As ever, it’s the stronger of the two that’s the best bet, but the 89bhp just about manages to muster up enough torque to slug the boxy beast along adequately. It takes nearly 15 seconds to get to 62mph though, which is a bit embarrassing, isn’t it?

Worth Noting

Despite it’s packaging triumphs (not withstanding the cabin storage inadequacies), don’t be under any illusion as to the size of this thing. Sure, it has a small footprint, relative to many proper MPVs, but in the flesh it looks more like a member of the C4 family than the C3 one. As one of Citroen’s guys told us, after explaining it was on a C3 platform: they can do anything they like with platforms these days, can’t they, as he gesticulated outwards with his hands.

But as it turns out, it only looks so big because it’s tall. The wheelbase is indeed stretched, by 80mm, though it’s actually a good 15cm longer than the C3. Still, that’s still going to be easier to park than a C4, and believe is, it feels twice as big even as that despite having a smaller footprint.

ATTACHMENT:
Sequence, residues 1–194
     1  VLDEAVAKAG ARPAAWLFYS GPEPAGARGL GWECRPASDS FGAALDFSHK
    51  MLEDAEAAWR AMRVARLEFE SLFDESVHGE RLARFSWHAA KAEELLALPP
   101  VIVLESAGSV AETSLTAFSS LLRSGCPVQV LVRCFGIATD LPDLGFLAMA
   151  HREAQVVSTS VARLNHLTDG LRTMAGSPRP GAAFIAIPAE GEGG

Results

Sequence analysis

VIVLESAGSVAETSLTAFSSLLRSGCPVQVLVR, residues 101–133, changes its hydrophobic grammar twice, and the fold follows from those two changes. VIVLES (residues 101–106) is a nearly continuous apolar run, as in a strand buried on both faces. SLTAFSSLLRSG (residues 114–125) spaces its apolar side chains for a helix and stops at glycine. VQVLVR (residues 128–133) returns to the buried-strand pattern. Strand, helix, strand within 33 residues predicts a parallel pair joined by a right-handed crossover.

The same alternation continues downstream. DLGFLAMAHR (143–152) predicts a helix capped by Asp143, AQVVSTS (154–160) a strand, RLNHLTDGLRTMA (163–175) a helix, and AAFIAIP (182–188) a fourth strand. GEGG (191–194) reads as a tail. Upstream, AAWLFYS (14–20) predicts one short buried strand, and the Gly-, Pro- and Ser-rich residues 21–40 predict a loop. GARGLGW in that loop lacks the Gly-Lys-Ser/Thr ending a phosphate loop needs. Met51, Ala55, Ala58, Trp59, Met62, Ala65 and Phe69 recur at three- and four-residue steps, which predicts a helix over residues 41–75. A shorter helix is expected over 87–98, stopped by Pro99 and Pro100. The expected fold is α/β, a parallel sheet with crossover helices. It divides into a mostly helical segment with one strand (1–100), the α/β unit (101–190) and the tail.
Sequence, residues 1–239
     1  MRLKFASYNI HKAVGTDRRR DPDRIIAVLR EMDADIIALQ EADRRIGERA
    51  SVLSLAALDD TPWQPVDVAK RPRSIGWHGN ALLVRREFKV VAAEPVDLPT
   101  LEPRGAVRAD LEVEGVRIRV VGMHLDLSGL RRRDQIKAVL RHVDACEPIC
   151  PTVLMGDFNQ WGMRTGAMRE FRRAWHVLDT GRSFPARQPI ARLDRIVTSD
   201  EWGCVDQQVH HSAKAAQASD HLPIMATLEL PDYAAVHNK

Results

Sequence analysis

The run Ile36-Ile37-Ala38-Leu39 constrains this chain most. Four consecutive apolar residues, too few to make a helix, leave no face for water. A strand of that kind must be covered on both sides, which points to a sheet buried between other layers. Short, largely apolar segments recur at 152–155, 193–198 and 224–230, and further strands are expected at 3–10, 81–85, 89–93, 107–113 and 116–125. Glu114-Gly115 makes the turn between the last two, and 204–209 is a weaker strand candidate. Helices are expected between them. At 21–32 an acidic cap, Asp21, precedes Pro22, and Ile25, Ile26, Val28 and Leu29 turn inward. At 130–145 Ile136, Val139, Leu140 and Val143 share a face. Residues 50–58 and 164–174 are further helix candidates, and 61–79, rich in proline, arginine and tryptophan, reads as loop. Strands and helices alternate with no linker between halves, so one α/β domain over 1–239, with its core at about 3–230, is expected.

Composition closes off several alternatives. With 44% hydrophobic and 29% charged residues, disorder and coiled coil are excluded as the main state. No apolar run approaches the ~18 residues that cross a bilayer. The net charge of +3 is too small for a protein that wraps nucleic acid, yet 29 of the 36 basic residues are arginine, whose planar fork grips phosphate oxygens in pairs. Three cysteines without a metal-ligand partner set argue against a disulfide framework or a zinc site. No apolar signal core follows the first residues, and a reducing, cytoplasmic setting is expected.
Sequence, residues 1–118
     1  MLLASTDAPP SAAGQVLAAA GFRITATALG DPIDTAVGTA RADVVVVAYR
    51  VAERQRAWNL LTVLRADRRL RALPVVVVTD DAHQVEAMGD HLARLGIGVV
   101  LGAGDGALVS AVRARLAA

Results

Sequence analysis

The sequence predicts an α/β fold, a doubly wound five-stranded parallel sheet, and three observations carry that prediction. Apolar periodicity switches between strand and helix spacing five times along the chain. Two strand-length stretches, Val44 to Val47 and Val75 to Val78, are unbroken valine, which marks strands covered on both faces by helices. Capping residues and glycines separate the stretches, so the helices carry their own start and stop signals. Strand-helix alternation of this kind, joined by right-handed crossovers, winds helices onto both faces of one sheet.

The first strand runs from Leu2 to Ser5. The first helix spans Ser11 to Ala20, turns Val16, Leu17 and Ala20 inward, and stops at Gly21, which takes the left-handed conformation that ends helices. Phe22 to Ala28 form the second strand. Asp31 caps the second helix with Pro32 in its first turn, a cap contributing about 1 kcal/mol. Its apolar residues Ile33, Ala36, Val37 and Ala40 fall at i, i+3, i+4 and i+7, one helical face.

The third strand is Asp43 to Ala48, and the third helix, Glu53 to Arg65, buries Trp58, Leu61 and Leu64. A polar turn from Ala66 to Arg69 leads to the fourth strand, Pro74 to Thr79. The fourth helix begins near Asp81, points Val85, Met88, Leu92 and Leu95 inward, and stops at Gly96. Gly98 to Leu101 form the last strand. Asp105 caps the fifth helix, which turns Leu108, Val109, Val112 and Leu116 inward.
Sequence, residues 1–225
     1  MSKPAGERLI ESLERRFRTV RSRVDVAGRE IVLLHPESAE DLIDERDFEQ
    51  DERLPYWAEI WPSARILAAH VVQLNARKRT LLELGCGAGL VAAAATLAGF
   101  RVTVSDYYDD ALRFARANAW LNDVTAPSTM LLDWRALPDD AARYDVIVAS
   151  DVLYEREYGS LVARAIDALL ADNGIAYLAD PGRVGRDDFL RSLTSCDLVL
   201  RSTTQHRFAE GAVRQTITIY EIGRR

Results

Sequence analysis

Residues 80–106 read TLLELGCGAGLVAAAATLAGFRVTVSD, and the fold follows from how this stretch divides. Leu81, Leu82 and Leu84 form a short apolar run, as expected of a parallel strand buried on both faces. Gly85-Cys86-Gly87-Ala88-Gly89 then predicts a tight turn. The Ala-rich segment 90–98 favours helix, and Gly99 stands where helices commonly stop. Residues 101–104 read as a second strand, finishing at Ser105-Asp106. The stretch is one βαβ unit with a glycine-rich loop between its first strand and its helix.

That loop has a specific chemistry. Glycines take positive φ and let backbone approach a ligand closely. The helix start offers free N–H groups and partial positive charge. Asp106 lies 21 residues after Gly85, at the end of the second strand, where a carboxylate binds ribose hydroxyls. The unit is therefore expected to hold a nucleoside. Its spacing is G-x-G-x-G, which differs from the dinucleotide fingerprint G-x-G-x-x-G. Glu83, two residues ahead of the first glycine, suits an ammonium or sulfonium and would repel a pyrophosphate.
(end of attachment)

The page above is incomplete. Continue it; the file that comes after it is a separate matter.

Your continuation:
Unlike many tall hatchbacks, Citroen really has made a small car feel big, rather than just look it.


We like the C3 Picasso – a lot, in fact – because it’s the type of car that Citroen should be making and it’s been executed mostly very well. Whatever you think about its design, fundamentally Citroen has achieved what so many makers fail to do and made a small car feel absolutely massive. Unfortunately, it could have been much better if the French firm had focussed less on quirkiness in the cabin and more in making it a practical family space.

It’s like a buying a house and decorating it with a load of pretty soft furnishings and wallpaper, then actually moving in and finding you have to keep all your stuff in your dad’s garage because you forgot to leave space for wardrobes. Plus, the driving position is horrible. Citroen nearly has a genuinely great family car on its hands.

Mark Nichol – 3 Apr 2009